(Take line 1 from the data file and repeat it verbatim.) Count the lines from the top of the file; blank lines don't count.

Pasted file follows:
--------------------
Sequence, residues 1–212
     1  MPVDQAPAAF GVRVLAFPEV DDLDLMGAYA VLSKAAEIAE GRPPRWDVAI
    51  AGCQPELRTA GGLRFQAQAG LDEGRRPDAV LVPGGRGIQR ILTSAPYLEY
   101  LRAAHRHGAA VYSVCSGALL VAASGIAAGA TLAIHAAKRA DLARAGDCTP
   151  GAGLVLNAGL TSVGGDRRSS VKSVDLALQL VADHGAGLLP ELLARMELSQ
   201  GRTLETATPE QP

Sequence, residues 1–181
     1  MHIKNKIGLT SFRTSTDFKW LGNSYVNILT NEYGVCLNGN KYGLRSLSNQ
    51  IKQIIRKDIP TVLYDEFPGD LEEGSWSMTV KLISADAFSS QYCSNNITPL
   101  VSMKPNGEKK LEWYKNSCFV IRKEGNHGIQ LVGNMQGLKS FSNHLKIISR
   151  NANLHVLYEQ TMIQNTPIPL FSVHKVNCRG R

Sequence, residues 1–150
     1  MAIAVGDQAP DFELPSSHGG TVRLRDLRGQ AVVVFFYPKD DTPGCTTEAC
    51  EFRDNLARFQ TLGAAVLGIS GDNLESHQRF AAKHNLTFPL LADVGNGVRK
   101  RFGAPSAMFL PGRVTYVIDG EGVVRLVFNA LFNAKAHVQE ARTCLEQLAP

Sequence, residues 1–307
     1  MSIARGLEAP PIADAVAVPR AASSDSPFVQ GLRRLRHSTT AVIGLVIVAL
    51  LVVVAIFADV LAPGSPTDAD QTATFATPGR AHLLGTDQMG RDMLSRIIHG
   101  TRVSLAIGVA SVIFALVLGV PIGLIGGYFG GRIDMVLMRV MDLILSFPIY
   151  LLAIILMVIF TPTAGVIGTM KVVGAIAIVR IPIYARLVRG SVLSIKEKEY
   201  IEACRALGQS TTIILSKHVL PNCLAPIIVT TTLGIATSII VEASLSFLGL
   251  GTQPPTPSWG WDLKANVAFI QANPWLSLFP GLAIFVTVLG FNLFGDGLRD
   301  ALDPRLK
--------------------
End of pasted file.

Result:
Sequence, residues 1–212